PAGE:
Thanks to Dent Research on November 6, 2015, here we have our weekly information roundup ending the week. We hope this information will help you separate the noise from the news. We start each subject with what you hear in the news and finish with what that information means to you. If you are confused, you have a lot of company! Bloomberg reported 2015 that third-quarter earnings have fallen the most since Q3 of 2009 and were negative for the second straight quarter. You'd think the stock market ought to decline on such bad news. Instead, it’s near all-time highs. Fortunately we are working hard to cut through the noise and find ways to make sense.
The U.S. Economy Created 271,000 Jobs in October… The report marked a dramatic reversal from the slowdown in September. The
unemployment rate remained mostly unchanged at 5.0%
What it means – Last month’s surprise drop to 142,000 (which was revised a bit lower to 138,000) caught the world off guard. It removed any question as to what the Fed would do in October, and sent equity markets shooting higher. Now we have a report that’s well above the rough average of 225,000 this year, which should send equities lower in anticipation of a Fed rate hike. We’ll see.
The report was surprisingly positive, and even included a 0.4% bump in hourly earnings. But unit labor costs, which includes pay and benefits, are up a mere 2% for the year. The presumption is that with more people working, wages must go up, which drives inflation. Only it hasn’t worked out that way. Unemployment keeps falling, and yet wages are flat. This vexes the Fed governors, who want some sign of higher income so they have cover for raising rates.
And of course, our old friend the birth/death adjustment showed up again in October. Of the 271,000 jobs created, the Bureau of Labor Statistics guessed 165,000.
Institute of Supply Managers (ISM) Manufacturing Index Drops to 50.1 in October… The reading follows successively lower numbers in August and September, and is the lowest report since the spring of 2013.
What it means – We’ve not reported ISM or PMI numbers in some time. They’ve hovered just above breakeven (50) and haven’t been informative. The current slide of ISM Manufacturing might be different. New orders are growing modestly, but backlogs, employment, and exports are all contracting. The report gels with other indicators and points to weakness ahead, not growth.
Atlanta Fed’s GDPNow Model Estimates Fourth-Quarter Growth at 1.9%... The updated estimate includes the disappointing data from the Manufacturing ISM report, and is 0.6% lower than the previous forecast
What it means – Added to GDP growth so far this year, if the GDPNow estimate is correct then our full-year growth will be just under 1.9%. We’ve seen this movie before. In fact, we’ve seen it several times. This year is shaping up as a replay of every year since 2010. Federal officials and private institutions estimate a liftoff in economic growth at the beginning of the year, only to be foiled by reality as time wears on.
Expect more of the same when the calendar turns to 2016. We'll see lots of sunny forecasts that call for inflation, higher interest rates, rising wages, etc., only to be dialed back as time goes on.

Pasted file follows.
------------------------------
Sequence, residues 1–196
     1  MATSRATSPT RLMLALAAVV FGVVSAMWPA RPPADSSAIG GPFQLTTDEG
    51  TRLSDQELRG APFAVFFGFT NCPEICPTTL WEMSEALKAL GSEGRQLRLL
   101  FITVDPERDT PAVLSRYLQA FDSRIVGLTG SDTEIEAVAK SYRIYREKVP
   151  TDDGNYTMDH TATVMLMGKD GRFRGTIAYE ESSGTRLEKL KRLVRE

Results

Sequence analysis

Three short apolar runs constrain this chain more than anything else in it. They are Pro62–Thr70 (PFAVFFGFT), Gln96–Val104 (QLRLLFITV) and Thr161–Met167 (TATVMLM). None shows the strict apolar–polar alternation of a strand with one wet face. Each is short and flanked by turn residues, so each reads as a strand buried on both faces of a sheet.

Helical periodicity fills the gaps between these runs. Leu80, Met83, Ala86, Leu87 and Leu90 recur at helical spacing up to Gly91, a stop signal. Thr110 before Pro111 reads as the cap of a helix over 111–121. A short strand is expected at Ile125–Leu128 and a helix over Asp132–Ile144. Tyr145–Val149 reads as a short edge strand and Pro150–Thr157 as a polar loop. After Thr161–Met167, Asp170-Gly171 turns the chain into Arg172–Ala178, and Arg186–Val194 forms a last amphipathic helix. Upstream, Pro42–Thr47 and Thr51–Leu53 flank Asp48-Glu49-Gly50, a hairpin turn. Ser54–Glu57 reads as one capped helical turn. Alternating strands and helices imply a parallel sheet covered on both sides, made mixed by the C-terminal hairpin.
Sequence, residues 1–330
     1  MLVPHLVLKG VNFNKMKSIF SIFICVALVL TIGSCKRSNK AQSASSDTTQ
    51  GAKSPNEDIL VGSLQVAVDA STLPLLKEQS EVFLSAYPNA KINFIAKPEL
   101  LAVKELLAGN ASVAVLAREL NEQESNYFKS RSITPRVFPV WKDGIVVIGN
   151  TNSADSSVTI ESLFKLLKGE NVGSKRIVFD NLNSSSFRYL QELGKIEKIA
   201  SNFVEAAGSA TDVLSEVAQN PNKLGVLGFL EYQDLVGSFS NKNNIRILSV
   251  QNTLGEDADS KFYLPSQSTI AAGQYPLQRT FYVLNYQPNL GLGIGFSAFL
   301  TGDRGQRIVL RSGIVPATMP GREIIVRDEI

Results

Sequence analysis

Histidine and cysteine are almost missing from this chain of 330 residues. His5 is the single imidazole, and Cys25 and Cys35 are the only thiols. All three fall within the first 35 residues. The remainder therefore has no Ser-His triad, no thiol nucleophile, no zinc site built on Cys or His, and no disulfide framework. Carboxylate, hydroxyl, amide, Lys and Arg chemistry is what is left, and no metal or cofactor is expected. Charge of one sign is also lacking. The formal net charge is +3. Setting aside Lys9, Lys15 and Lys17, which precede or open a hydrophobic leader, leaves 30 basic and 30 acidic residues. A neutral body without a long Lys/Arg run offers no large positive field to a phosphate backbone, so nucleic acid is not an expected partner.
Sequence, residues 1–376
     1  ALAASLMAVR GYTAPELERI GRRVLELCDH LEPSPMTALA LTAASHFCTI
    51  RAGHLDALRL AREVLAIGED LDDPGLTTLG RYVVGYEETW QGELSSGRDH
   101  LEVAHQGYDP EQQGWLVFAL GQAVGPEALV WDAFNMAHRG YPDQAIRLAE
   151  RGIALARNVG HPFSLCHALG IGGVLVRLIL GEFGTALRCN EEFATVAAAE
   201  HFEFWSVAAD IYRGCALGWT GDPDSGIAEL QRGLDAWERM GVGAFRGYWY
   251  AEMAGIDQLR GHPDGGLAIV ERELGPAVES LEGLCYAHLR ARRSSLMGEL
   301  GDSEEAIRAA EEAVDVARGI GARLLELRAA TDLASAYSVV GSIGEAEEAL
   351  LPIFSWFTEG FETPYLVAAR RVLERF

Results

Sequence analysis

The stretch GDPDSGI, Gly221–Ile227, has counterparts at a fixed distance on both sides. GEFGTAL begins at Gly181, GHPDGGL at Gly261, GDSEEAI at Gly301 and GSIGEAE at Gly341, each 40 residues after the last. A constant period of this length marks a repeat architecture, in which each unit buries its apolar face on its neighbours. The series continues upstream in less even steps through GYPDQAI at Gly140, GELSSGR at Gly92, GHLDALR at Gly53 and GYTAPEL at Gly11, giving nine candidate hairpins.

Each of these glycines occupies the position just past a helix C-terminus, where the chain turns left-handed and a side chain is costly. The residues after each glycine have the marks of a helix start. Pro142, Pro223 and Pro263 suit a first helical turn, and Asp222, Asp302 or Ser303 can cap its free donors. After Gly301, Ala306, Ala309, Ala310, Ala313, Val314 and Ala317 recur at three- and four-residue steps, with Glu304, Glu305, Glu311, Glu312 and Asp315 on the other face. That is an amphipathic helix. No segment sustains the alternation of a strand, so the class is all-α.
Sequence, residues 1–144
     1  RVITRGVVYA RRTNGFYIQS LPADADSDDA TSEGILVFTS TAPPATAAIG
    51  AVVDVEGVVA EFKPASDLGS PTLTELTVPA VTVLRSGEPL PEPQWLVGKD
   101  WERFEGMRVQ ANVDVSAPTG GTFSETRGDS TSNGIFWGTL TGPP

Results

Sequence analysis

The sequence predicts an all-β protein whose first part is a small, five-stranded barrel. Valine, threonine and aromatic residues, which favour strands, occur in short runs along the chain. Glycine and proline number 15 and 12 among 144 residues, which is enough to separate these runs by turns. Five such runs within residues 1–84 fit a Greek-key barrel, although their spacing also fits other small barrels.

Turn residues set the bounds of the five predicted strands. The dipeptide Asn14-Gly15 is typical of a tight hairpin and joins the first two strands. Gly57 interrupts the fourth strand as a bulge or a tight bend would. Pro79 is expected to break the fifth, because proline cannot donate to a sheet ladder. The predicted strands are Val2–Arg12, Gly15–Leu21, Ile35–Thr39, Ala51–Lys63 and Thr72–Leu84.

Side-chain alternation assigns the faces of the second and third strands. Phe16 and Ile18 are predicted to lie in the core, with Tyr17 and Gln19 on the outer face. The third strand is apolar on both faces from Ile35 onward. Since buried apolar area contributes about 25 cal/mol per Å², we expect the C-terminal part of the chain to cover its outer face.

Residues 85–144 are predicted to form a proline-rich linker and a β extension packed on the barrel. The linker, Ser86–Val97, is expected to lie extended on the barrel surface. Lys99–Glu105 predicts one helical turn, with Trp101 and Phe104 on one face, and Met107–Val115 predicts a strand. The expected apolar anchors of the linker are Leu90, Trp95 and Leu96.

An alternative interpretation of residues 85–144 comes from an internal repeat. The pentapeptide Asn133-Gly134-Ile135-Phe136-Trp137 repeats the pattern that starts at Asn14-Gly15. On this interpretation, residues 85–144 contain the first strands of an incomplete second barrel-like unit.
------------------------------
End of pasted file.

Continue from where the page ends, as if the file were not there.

Federal Reserve Chair Janet Yellen Notes that a December Rate Hike is Possible… During Congressional testimony, Chair Yellen stated that a rate hike next month is a live possibility, but then she also noted the possibility of negative rates if economic growth disappoints.
What it means – Same story, different day. The most powerful monetary regulatory body on the face of the planet is unsure of what to do 45 days from now, and is waiting for the last few data points before making a decision. They could raise rates, hold steady, or even lower rates. All we can do is wait and see.
Chinese Non-Performing Loans Officially at 1.82%, Could Be as High as 20%… A Hong Kong research group reviewed shadow loans in addition to official bank loans and found widespread efforts to hide non-performing assets.
What it means – The game is on. Instead of letting loans default, bankers move them around, extend terms, push them off their balance sheets, and generally do whatever they can to keep them afloat. Japan did the same thing in the early 1990s. That country kept up pushing out the pain for years until they finally dealt with their accounting issues in the early 2000s.
China could do the same thing. Instead of overseeing a credit implosion, the Chinese government could use its wealth and power to spread the damage over time. But that doesn’t reduce the damage. It might even make it worse. Japan’s economy still suffers from more than two decades of deflation. If Chinese officials don’t get rid of the dead weight in their banking system, it could hold back economic growth for many years to come.
Chinese Government Estimates Economic Growth at 6.5%... One outcome of their five-year planning session was a downgrade of economic growth from 7% to 6.5%.
What it means – Slowing economic growth in China isn’t news. What makes this interesting is that the government is OK with it, which implies they won’t take aggressive fiscal or monetary action to keep growth near 7%. It also means the yuan could be under more pressure in the months ahead.
As capital controls ease, look for more cash to leave China, driving the government to sell more of its foreign currency reserve, which is exactly what Harry Dent has been writing about.
Next Week – The week of November 9 brings reports on Chinese inflation and industrial production, as well as GDP and industrial production in the euro zone. There are few reports in the U.S., where banks are closed on Wednesday.
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